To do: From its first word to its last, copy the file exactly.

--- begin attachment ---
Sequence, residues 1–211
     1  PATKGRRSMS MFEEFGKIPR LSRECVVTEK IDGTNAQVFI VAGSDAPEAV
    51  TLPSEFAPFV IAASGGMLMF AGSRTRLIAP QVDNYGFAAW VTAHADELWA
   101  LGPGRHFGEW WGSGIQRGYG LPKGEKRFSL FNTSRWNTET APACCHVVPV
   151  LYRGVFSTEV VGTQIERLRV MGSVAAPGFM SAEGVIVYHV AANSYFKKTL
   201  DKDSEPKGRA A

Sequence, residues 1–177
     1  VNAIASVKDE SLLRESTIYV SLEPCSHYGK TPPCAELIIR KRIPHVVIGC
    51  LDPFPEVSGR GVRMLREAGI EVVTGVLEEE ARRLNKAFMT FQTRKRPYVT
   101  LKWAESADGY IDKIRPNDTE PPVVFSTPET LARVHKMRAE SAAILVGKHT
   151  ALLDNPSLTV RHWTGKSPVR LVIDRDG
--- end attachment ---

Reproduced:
Sequence, residues 1–211
     1  PATKGRRSMS MFEEFGKIPR LSRECVVTEK IDGTNAQVFI VAGSDAPEAV
    51  TLPSEFAPFV IAASGGMLMF AGSRTRLIAP QVDNYGFAAW VTAHADELWA
   101  LGPGRHFGEW WGSGIQRGYG LPKGEKRFSL FNTSRWNTET APACCHVVPV
   151  LYRGVFSTEV VGTQIERLRV MGSVAAPGFM SAEGVIVYHV AANSYFKKTL
   201  DKDSEPKGRA A

Sequence, residues 1–177
     1  VNAIASVKDE SLLRESTIYV SLEPCSHYGK TPPCAELIIR KRIPHVVIGC
    51  LDPFPEVSGR GVRMLREAGI EVVTGVLEEE ARRLNKAFMT FQTRKRPYVT
   101  LKWAESADGY IDKIRPNDTE PPVVFSTPET LARVHKMRAE SAAILVGKHT
   151  ALLDNPSLTV RHWTGKSPVR LVIDRDG